In addition, the domestic currencies of the emerging-market countries of Asia are not internationalized, and the assets that foreign investors are able to buy are quite limited in both type and quantity. According to data from the Asian Development Bank, the total size of the currency bond markets of Asia's emerging-market countries is 5 trillion U.S. dollar, which is extremely small compared to the U.S. bond market size of 31 trillion U.S. dollar. More importantly, the financial markets of Asia’s emerging-market countries are still much less mature compared to those of Europe and the United States. For example, some of them have not established the Short Sales Mechanism or have established it but do not allow foreign investors to participate in it.

In a word, it will be a medium-and-long-term process of international capitals flowing into Asia's emerging-market countries. At least, Asian currencies are still not a risk-hedging heave

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  1. Name

Ferdinand at 2011-10-1986.165.104.*
Capital does what capital must do. The vast majority of us who don"t possess capital nee to consider our options.
A Wise Man Once Said at 2011-08-2766.58.203.*
The only safe haven in this or any financial storm is land. Now, I am not talking about land that is overpriced or land that is leveraged with inability to pay any more than I would be talking about a house overpriced or overleveraged and no ability to pay. Of course in time of famine this would mean debtless. I am talking about developed land as well as undeveloped land.Land is more valuable than anything that we choose to give financial value to in our society. Gold, diamonds, platinum, oil, stocks, bonds, etc. are all worthless compared to land.Why would I say this you might be thinking right now? Well, the very simple explanation is that in times of famine, the only things that have value are places you can live, eat and sleep. If you have a chicken and I have rice then we have a deal. But if you have gold, well, sorry but I need food not gold.I would venture to say that is near to impossible to plant anything that you can eat on a gold bar. And I guess you could build a shelter on a gold bar but man it would either be very small or you would have to have a gold bar almost as big as Ft Knox.While most other investments have a "use" value, for the most part they are emotionally valued asset. Land appreciates in both a feast or famine situation. It offers more than just financial returns while other assets have a fallout-point in both the low and high ends. Land gives us security across the entire scale in good and bad time while other investments are only limited in scale.Over time, land is the best investment. Nothing can match its weight.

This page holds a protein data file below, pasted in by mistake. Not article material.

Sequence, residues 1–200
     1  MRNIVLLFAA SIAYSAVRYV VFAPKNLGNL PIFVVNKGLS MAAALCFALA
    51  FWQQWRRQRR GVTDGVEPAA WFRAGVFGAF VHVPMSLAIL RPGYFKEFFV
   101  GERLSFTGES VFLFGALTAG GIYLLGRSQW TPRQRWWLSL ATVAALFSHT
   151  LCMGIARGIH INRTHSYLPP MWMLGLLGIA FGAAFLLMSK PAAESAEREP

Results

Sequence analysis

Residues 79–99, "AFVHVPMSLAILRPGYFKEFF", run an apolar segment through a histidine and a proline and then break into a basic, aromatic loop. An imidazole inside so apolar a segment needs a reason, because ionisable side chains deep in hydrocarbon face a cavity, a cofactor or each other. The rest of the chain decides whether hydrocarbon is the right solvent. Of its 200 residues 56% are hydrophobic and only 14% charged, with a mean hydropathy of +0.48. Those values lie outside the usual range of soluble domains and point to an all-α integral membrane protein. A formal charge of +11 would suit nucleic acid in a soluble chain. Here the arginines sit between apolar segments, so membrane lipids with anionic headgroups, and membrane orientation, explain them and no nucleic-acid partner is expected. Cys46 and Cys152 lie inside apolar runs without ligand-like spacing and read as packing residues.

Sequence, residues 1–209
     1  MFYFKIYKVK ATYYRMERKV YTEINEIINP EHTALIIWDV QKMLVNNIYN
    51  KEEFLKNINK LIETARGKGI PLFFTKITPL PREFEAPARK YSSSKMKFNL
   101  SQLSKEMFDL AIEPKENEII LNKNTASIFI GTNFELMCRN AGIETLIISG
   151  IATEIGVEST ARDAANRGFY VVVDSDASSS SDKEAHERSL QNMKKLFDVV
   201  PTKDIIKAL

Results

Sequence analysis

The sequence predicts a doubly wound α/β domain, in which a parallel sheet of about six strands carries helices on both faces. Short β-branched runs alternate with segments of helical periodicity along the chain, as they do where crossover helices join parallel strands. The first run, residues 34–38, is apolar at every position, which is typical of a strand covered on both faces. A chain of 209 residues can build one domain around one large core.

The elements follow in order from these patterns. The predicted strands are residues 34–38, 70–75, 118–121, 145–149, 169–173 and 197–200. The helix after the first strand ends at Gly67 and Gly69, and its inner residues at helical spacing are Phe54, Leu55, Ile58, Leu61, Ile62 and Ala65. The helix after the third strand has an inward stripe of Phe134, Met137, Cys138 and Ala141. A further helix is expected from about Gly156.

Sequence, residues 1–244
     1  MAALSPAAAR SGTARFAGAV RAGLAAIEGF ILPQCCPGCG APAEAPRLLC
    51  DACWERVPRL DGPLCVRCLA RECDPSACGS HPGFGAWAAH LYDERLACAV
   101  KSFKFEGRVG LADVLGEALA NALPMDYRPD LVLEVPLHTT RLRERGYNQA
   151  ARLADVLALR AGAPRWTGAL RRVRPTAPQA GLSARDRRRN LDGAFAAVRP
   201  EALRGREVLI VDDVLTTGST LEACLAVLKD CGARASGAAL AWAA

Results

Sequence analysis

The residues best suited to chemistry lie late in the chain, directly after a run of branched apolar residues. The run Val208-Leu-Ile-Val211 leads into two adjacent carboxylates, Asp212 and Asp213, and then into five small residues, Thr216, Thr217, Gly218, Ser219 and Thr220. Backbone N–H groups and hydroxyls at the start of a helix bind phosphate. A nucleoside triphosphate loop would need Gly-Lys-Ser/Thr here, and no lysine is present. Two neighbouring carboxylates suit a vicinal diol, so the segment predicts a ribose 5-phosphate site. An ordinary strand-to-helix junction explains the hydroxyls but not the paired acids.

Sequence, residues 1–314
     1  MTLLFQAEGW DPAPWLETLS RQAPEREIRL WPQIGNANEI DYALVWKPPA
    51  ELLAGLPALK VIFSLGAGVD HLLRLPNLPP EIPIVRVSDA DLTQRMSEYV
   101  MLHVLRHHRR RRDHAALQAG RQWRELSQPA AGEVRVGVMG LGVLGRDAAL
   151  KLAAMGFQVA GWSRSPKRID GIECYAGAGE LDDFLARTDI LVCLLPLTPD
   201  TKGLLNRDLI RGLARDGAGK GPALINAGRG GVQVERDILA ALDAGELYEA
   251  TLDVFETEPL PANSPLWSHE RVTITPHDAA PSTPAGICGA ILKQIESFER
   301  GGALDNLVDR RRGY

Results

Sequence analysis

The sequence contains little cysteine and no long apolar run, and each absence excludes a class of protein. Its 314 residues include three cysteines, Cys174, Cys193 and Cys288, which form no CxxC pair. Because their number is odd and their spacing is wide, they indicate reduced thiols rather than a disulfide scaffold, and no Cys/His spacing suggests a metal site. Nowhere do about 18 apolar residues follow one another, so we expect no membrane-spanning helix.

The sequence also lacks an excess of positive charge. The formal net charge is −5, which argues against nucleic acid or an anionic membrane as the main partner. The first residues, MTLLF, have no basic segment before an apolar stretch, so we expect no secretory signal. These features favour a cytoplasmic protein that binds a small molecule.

ari.gon at 2011-08-25188.138.91.*
This is a false fear. America"s rich park their billions and trillions all over the world. Why are the rest of the world made to believe that they must park their money in America? Why not park it in the IMF or the WB or bonds in Beijing, Australia, Russia, China, etc.? I surmise this false and misleading fear is a bogey to frighten Beijing, Tokyo, Kuwait, Riyadh etc., into paying for the huge U.S. military and welfare expenditure. At our expense. I am sure some bright chap at the IMF or UN or WB can come up with an idea how the world"s surplus can be invested. There can be a"world central bank" which can absorb these surpluses for loan to sovereign countries. The that rating comapnies like Standard & Poor, Moody, Fitch, and Dagong, will have a real role to play.